Person working on submitting an application on a laptop.
From lines of credit to SBA loans, there are several different types of loans that startups can consider when they find themselves in need of business funding. — Getty Images/Tero Vesalainen

When you have a great business idea, your next step is to figure out how to finance it. The good news is that there are multiple resources you can turn to to help get your business off the ground. Here's what you need to know about exploring your options and applying for the best loan for your business.

[Read: 5 Loans to Start a Business]

Types of startup business loans

There are a few different types of startup business loans you can explore as an entrepreneur:

Term loans

Term loans are often granted to an established small business with sound financial statements. These loans come in specific amounts and have either a fixed or floating interest rate throughout the specified repayment schedule. Term loans are usually used by businesses to purchase a new building, real estate or equipment and may require a larger down payment to lessen payment amounts.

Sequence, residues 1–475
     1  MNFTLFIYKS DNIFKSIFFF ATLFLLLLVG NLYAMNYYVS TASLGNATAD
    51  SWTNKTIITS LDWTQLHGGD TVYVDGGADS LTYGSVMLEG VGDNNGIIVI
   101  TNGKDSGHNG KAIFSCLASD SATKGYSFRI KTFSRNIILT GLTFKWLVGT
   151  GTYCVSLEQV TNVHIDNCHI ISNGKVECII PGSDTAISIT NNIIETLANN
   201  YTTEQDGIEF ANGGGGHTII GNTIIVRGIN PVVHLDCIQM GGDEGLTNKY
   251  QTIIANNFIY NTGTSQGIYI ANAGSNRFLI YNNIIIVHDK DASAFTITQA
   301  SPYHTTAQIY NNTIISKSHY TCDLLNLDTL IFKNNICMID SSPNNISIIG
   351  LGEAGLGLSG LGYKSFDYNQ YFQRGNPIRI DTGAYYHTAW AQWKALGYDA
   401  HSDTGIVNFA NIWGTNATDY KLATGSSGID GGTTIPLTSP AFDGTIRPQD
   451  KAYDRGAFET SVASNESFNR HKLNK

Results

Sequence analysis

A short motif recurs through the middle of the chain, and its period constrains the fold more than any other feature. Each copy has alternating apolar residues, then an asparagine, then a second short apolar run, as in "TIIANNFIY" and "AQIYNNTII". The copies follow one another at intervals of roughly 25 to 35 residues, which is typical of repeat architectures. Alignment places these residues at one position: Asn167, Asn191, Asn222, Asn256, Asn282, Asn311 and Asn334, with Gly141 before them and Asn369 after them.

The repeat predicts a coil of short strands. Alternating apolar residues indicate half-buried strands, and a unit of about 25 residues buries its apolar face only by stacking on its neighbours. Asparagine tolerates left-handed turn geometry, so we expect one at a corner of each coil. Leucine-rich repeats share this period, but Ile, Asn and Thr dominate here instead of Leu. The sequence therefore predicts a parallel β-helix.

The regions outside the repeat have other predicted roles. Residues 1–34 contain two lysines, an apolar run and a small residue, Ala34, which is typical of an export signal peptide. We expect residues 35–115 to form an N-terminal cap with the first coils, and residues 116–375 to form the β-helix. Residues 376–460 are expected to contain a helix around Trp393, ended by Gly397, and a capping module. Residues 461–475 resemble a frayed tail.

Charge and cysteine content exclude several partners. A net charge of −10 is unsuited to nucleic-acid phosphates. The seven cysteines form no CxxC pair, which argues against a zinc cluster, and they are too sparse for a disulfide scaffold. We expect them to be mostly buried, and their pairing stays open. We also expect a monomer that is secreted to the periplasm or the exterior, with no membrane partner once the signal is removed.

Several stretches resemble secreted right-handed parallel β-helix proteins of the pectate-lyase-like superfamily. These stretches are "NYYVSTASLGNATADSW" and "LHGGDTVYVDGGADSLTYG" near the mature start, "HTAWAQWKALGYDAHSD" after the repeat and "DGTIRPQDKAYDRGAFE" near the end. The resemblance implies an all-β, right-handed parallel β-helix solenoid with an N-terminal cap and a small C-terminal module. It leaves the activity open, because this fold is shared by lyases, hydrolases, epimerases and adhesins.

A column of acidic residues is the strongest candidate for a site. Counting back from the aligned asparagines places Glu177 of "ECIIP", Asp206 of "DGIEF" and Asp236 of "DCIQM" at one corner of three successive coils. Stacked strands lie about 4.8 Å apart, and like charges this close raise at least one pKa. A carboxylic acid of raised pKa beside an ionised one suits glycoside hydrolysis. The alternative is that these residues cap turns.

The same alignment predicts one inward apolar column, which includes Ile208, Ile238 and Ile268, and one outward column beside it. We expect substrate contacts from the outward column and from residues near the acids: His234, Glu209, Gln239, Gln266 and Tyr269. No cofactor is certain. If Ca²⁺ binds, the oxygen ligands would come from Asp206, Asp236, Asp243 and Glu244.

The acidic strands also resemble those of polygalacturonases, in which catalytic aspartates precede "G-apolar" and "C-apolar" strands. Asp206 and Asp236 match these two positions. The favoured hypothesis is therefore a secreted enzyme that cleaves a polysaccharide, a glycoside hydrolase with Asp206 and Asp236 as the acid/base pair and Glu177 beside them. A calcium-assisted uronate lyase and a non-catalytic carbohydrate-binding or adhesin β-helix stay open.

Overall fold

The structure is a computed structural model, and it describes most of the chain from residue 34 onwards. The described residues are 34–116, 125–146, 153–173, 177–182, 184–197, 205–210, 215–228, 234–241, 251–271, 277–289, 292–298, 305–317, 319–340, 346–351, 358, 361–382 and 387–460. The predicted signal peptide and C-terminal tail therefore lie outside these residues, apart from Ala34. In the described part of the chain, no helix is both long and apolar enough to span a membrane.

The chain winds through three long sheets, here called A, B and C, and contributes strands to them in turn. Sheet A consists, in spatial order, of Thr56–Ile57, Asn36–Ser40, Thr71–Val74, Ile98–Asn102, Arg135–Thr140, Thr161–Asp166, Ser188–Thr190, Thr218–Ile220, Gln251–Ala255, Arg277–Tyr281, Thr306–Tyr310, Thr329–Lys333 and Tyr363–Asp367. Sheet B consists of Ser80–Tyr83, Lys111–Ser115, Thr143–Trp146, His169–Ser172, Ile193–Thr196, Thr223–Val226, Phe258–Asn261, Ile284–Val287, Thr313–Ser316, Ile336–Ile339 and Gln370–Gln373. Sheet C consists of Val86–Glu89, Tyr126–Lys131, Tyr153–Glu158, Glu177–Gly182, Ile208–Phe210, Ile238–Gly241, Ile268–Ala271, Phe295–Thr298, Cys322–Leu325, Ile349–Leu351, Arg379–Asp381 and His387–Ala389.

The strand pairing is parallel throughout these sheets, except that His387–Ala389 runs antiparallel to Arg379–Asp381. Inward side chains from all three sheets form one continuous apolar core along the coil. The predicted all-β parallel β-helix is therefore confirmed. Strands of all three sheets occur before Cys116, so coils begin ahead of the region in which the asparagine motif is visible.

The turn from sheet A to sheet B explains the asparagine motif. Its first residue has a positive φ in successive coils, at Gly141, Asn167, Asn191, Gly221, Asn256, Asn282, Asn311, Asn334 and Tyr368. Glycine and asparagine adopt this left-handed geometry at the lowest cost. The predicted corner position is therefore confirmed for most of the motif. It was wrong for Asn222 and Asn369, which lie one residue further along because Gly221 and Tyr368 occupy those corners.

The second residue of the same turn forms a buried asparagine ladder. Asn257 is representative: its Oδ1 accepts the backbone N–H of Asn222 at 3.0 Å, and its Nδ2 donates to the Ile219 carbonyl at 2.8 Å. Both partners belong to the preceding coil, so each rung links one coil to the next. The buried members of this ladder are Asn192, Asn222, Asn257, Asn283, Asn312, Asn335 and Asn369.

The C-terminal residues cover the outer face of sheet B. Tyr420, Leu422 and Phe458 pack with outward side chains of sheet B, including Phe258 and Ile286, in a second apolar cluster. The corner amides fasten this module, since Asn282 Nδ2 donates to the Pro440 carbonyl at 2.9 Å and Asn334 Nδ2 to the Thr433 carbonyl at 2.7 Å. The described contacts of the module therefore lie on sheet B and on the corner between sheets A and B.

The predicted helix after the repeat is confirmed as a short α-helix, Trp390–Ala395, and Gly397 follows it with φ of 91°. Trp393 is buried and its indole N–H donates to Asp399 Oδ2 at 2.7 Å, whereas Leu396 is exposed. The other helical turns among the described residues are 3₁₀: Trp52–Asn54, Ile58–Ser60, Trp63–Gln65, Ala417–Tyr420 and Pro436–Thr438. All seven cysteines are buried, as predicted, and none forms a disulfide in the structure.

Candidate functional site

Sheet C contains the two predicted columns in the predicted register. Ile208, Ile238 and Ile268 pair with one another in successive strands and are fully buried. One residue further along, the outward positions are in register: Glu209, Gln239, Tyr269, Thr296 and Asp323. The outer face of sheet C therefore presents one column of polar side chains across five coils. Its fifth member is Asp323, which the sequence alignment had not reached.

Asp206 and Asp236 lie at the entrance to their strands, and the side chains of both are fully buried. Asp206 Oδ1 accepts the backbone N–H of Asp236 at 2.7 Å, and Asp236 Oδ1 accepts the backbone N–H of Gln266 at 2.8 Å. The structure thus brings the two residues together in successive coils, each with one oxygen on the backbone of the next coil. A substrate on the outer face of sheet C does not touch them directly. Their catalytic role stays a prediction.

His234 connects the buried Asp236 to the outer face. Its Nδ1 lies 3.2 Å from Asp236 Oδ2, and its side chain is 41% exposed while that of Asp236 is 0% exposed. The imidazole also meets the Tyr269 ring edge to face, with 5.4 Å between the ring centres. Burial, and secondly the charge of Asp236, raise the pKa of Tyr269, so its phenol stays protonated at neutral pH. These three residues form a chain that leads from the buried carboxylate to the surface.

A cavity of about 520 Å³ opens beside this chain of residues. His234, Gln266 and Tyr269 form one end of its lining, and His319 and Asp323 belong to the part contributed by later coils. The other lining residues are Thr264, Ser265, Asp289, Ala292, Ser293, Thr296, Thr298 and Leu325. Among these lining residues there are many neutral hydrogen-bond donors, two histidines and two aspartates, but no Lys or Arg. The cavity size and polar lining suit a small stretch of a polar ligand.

Lines of credit

A line of credit gives businesses flexible access to cash for expenses. Like a credit card, you decide when you withdraw money and the amount, and you’ll also have a spending limit and only accrue interest on the amount withdrawn. The disadvantages associated with business lines of credit include the difficulty of getting approved if your business is less than three years old and the potential to worsen debt.

SBA loans

Small Business Administration (SBA) loans are granted based on a business’s years in business, credit score and annual revenue. With qualifications and requirements less stringent than a normal bank loan, these loans are a great option for small businesses to pursue.

Peer-to-peer lending

For entrepreneurs who don’t want to borrow money from a traditional bank or lender, peer-to-peer lending is a great alternative. With dozens of safe, reputable websites that connect qualified applicants with excited investors, peer-to-peer lending enables business owners to receive loans with rates and terms just like a bank loan, but cut out the financial institution middleman.